Last week was the week of Glenn Beck, the latest Fox News superstar. First the New York Times did a long, mostly respectful article about his Fox daytime show, which in a short time has become one of the highest-rated programs on that network. Then Stephen Colbert did a brutal parody of Beck’s “9/12 project” (where he encourages his viewers to recapture the good old time of the day after September 11), where he mocked Beck’s hysteria and paranoia, and reminded viewers of Beck’s 2005 statement that he was starting to hate the families of 9/11 victims. Beck is going to be around for a while, with an act that’s reminiscent of the Michael Douglas character in Falling Down. Even his haircut is similar.
The strange thing is that when Beck had his own show on CNN Headline News, similar in format to his Fox show (he asked a Muslim Congressman to “prove you’re not working with our enemies”), it was a ratings flop. He really isn’t any crazier on Fox than he was on CNN, where he praised the John Birch Society and increasingly echoed its views. His success on Fox News proves that TV success has a lot to do with knowing your audience. But it also shows that Fox News viewers are hungry for something more than they’ve been getting from O’Reilly and even Hannity; with Obama in the White House and an economic crisis that can’t be entirely solved with tax cuts, a simple attack on secular liberals is just not good enough. With his open nostalgia for 9/11 and his theory that Obama will bring in “fascism” and replace the dollar with another currency, Beck has proven that the key to conservative media success in the age of Obama is to take things up another notch. His whole show seems premised on the idea that Rush Limbaugh is too tame. And he’s also better than most Fox News pundits at really using the medium of television, which in turn makes for better YouTube clips and helps to make his stuff go viral; Colbert makes fun of Beck’s extreme close-ups and weird gigantic graphics, and rightly so, but it does give his show a more distinctive look than most.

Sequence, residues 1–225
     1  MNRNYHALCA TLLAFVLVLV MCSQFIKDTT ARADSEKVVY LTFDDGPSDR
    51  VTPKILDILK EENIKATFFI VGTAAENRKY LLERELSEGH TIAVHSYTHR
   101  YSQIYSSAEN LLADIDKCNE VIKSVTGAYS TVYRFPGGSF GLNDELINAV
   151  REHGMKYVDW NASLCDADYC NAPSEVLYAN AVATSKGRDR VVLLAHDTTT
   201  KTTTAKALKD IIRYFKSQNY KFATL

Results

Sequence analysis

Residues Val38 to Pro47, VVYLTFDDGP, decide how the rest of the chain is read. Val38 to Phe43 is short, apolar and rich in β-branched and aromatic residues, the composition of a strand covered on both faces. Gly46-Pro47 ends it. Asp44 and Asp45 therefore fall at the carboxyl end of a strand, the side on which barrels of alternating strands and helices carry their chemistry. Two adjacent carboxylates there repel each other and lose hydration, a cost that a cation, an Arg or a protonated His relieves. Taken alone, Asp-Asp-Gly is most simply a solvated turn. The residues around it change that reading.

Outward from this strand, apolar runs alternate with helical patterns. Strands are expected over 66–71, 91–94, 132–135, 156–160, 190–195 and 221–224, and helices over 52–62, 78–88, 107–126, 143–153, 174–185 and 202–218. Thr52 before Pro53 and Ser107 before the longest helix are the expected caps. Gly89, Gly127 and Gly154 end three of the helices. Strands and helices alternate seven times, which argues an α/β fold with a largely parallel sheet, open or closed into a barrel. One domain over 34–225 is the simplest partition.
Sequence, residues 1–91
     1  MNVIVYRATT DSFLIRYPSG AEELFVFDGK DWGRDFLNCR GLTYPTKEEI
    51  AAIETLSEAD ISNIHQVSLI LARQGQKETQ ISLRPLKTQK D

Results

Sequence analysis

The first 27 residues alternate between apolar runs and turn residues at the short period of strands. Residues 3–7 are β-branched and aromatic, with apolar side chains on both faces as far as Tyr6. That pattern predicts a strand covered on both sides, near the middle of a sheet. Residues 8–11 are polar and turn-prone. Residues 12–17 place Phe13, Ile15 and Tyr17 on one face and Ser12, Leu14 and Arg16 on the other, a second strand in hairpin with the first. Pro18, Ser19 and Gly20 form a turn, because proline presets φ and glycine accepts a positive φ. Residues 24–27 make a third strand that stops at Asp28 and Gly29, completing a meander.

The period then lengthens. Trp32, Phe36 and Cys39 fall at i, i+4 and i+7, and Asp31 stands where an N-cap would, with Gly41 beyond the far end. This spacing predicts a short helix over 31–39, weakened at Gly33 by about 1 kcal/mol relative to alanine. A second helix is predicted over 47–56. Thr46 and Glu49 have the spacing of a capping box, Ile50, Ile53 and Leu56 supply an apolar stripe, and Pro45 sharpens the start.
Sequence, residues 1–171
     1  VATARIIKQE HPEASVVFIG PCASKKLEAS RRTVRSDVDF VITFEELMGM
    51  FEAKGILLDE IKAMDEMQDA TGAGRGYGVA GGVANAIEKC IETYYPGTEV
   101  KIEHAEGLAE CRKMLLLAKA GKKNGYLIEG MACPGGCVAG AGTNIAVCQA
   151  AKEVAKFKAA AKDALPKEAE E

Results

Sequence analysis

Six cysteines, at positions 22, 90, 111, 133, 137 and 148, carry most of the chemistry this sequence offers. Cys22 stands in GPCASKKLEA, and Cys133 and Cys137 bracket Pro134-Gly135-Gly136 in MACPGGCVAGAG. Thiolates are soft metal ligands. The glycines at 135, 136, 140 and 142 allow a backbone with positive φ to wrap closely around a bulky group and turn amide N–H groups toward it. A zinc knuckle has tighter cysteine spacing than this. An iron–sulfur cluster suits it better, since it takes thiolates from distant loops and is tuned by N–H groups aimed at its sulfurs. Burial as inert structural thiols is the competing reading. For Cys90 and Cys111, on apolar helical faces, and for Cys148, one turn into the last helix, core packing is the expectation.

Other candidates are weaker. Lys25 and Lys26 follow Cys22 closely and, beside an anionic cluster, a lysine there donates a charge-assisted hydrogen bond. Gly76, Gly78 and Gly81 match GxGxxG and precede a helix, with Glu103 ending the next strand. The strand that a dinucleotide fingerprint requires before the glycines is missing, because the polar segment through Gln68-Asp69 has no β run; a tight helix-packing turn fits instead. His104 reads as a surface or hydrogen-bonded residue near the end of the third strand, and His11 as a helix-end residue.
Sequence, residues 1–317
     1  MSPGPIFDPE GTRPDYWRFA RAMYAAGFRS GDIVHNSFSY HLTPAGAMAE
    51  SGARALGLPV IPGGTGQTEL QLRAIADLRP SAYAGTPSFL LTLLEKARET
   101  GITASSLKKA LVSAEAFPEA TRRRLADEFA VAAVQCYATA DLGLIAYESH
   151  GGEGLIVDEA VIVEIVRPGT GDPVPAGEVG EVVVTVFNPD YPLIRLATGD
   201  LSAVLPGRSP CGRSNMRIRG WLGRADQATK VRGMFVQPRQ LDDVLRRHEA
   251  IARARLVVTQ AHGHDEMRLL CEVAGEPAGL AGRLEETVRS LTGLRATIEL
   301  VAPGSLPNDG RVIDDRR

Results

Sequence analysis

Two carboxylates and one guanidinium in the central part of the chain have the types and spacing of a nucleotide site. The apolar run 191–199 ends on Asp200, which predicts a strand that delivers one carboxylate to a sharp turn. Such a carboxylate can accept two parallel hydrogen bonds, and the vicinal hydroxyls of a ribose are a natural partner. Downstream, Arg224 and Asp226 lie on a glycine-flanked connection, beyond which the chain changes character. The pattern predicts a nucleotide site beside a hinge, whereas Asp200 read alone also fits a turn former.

Part of the secret of Beck’s new success is that although much of his rhetoric is standard conservative boilerplate (tax cuts are awesome) he has tapped into his viewers’ sense that there is a real crisis in the world that’s not easily explained. Many conservative pundits spend a lot of time, even now, claiming that the crisis is not as bad as it seems. Beck takes the opposite approach: he tells his viewers that the crisis is even worse than they can imagine, and that it’s the fault of various unnamed enemies who are conspiring to bring them down. He never says who these enemies are, referring to them only as “them” and telling his viewers that “they don’t surround us, we surround them.” The upshot is the same as that of every other show on Fox News, that liberals are to blame for all our problems, but it’s just done in a more expansive way, leaving his viewers free to be scared of just about everybody in the universe. (Sean Hannity is very popular too, but he’s obsessed with old favourites like the Dixie Chicks. Beck is the only Fox News host who’s come up with new ways of getting angry.) Explaining away disturbing economic realities as the product of a nefarious, shadowy conspiracy is a traditional thing, and not just on the right. Beck is the perfect host for an audience that wants someone to blame for today’s problems, but doesn’t want to be too specific about the cause or potential solutions.